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Blackburn, West Lothian facts for kids

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Blackburn
Blackburn - geograph.org.uk - 167034.jpg
Looking west from the centre of the town
Population 4,761 (2001 census)
4,970 (2006 estimate)
OS grid reference NS985655
Civil parish
Council area
Lieutenancy area
  • West Lothian
Country Scotland
Sovereign state United Kingdom
Post town BATHGATE
Postcode district EH47
Dialling code 01506
Police Lothian and Borders
Fire Lothian and Borders
Ambulance Scottish
EU Parliament Scotland
UK Parliament
  • Livingston
Scottish Parliament
  • Linlithgow
List of places
UK
Scotland
Coordinates: 55°52′19″N 3°37′16″W / 55.872°N 3.621°W / 55.872; -3.621

Blackburn is a town in West Lothian, Scotland local to both Bathgate and Livingston, two of the larger towns in the county. It is situated approximately 32 kilometres (20 mi) west of Edinburgh and 40 kilometres (25 mi) east of Glasgow on the old A8 road.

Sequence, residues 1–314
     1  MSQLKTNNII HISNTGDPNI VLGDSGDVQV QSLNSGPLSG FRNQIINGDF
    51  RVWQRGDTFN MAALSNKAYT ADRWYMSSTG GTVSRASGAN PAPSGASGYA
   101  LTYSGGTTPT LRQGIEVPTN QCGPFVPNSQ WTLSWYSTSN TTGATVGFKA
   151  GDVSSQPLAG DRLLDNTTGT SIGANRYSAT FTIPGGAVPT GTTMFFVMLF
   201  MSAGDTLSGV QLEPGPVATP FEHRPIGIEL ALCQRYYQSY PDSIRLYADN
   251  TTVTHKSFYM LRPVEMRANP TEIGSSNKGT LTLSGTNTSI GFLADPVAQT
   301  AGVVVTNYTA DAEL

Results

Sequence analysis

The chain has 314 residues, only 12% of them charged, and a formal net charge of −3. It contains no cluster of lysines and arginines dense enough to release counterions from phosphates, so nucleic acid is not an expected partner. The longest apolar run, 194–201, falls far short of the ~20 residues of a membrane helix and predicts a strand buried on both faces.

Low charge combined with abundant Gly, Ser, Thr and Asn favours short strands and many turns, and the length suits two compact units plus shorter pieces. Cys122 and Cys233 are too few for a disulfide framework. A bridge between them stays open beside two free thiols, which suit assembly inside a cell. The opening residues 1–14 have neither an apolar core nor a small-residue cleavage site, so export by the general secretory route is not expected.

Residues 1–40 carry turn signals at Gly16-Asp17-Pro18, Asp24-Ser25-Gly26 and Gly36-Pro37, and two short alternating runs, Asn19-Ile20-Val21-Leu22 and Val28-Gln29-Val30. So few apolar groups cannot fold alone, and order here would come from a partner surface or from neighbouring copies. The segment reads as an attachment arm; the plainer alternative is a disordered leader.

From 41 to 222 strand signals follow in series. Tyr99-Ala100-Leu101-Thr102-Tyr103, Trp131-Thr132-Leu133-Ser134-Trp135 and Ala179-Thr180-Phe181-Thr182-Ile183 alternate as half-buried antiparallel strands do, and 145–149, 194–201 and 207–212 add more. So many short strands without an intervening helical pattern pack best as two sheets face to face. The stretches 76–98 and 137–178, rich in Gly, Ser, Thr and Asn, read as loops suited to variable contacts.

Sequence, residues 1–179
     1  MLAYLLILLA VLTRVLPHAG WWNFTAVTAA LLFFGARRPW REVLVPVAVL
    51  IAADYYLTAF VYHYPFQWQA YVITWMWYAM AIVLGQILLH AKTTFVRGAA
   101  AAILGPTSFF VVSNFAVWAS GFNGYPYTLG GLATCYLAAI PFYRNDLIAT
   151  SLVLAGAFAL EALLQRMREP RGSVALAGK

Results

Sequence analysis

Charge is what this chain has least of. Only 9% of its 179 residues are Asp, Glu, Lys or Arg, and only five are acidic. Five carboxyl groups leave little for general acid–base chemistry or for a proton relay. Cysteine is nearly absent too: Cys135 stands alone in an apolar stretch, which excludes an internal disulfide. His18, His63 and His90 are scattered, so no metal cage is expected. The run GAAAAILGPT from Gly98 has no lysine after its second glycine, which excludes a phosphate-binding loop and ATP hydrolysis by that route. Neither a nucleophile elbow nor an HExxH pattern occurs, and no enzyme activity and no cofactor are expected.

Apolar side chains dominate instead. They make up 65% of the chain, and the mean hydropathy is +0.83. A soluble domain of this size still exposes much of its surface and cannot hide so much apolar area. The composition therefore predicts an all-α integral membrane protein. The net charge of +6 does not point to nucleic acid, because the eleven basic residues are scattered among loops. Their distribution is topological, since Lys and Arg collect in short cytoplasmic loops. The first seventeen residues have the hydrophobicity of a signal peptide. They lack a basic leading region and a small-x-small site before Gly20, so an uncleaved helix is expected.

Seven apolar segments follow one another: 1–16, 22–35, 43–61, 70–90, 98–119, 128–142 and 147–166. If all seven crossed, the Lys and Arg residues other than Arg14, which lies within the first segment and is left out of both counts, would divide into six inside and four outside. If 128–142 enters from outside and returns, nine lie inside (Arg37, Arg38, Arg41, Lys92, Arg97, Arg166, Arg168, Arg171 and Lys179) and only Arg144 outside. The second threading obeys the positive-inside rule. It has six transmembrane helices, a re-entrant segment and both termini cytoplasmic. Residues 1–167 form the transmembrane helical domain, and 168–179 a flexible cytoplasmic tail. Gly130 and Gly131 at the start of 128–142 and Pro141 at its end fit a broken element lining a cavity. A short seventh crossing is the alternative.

History

Blackburn means "the black stream", from the Old English blæc "black" and burna "stream". The name was recorded as Blachebrine in 1152. As a small industrial centre, Blackburn originally developed as a cotton-manufacturing town. In the mid-19th century, it became a centre for coal mining.

Its small population expanded rapidly from 4,302 in 1961 to around 9,000 by 1965 as a result of employment opportunities in Bathgate to the north and through in-migration following the inception of the Glasgow Overspill Plan.

The closure of the British Leyland plant in 1986 brought decline to the area, along with the destruction of many homes built during the 1960s.

The railway station at Bathgate reopened in 1986 and the 30-minute journey to Edinburgh attracts commuters to live in Blackburn.

In British political culture

The town was notably mentioned in a famous speech by MP Tam Dalyell in the House of Commons on 14 November 1977 in which he posed what would become known as the West Lothian question.

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